A small primate study has suggested that the radiation element of the leukemia treatment that the famed “Berlin patient” received was not what functionally cured him of HIV, Medical News Today reports. Publishing their findings in PLOS Pathogens, researchers harvested blood stem cells from three antiretroviral-treated macaque monkeys that were infected with SIV, HIV’s simian cousin. Next the scientists ablated the monkeys’ blood and immune cells with radiation, and then transplanted the animals’ own stem cells (which were SIV free) back into their bodies so that those cells could replenish the body with blood and immune cells.

The Berlin patient, whose real name is Timothy Ray Brown, was functionally cured of HIV after his 2007 treatment for leukemia was conducted with a transplant of bone marrow taken from a donor who lacked the CCR5 gene, which gives rise to a receptor on the surface of CD4 cells that HIV uses to infect the immune cells.

This new study sought to shed light on whether the radiation Brown received was responsible for functionally curing him. Two other elements of his bone marrow transplant may have been the crucial factors in his functional cure. The first element is the fact that the bone marrow he received lacked the CCR5 gene; any HIV emerging from a viral reservoir that had evaded destruction by the radiation would not have been able to infect new immune cells. The second element is a phenomenon known as graft versus host disease, in which transplanted cells and the cells to which they give rise recognize the cells of their new host as foreign and launch an attack. The process may have attacked and destroyed anything that remained of the viral reservoir post-radiation.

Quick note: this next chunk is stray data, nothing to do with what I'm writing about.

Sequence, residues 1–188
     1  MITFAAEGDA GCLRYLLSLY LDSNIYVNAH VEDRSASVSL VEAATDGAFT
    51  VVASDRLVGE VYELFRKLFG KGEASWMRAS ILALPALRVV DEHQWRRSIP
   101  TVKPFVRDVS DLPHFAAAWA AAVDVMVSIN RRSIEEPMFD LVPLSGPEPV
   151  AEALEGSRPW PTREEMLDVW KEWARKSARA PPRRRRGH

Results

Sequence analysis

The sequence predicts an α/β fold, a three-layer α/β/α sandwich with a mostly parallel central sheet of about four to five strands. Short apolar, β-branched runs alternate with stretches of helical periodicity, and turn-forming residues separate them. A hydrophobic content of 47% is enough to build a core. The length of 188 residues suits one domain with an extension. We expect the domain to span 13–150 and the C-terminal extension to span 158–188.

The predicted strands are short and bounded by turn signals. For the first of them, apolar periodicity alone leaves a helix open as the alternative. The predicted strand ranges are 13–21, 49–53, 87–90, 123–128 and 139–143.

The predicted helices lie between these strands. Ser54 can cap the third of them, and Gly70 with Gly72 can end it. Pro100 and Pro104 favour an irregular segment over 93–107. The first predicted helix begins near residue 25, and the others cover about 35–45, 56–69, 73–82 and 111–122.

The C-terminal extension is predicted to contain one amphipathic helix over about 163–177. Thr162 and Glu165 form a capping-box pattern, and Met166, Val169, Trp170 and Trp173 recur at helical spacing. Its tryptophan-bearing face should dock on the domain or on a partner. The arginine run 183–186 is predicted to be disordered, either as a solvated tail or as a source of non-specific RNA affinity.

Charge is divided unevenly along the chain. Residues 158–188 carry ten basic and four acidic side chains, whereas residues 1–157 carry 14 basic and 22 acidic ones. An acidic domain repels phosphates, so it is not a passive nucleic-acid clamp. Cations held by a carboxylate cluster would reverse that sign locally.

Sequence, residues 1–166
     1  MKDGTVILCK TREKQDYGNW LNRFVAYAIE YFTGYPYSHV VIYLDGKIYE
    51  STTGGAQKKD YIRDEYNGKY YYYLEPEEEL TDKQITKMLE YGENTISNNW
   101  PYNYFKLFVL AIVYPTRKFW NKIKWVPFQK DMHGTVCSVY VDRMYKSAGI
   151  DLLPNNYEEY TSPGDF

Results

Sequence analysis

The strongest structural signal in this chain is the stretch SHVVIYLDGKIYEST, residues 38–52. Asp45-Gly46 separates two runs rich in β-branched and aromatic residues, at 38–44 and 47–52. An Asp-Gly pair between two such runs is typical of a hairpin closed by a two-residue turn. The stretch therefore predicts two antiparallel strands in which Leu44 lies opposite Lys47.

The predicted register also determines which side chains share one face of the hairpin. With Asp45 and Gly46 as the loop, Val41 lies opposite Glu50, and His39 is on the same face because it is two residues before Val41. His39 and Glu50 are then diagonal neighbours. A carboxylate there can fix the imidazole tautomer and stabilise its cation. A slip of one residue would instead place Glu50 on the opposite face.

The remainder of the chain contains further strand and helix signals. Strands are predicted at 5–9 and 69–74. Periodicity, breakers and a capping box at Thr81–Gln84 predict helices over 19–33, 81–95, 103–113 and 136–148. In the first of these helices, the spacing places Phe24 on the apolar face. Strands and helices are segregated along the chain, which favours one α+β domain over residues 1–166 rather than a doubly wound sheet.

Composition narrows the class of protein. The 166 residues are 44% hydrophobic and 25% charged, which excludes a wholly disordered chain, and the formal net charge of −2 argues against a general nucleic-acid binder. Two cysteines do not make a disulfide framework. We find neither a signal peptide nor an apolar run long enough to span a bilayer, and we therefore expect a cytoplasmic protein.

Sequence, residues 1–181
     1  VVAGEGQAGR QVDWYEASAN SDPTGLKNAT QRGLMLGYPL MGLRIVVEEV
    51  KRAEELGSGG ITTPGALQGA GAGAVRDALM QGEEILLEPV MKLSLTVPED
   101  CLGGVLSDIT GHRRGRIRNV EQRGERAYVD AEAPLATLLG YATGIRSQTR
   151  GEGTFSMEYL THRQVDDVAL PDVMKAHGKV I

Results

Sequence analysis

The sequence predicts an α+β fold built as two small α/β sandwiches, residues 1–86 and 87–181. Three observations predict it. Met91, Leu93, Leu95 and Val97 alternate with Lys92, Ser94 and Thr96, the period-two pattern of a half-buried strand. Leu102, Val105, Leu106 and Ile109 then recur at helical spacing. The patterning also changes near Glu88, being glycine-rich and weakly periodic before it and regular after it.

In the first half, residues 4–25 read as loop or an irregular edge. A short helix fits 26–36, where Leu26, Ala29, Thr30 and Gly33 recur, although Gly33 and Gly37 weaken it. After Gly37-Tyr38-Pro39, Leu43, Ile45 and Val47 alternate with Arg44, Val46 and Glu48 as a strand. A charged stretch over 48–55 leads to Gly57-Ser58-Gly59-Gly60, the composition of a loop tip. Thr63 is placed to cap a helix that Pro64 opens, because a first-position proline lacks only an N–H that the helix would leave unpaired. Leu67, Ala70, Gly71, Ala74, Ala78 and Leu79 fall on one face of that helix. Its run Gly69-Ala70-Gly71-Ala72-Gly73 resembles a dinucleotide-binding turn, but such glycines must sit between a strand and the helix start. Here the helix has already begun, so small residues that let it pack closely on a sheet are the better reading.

The radiation that the monkeys received killed 94 to 99 percent of their existing blood and immune cells. The transplant of their own harvested stem cells regenerated their supply of blood and immune cells in three to six weeks. There was no observed graft versus host disease, which was as expected because the stem cells were not foreign to the body.

The researchers then stopped ARV treatment in the three monkeys that received the transplants and in three control monkeys that did not. The virus rapidly rebounded in the controls. Two of the other monkeys also experienced a rapid viral rebound. The third developed kidney failure two weeks after stopping ARVs and was euthanized. Although the monkey still had an undetectable viral load at the time of its death, a post-mortem analysis showed that there were low levels of viral DNA in various tissues. This suggests that, while the radiation did significantly shrink the size of the viral reservoir in blood cells, none of the three monkeys that received a transplant was cured and that this is likely not the reason Brown was cured either.

In July 2013, early results from a study of two men in Boston suggested that graft versus host disease may have led to a functional cure of their HIV infections. But by December of that year news emerged that the virus had rebounded in both men.
To read the study, click here.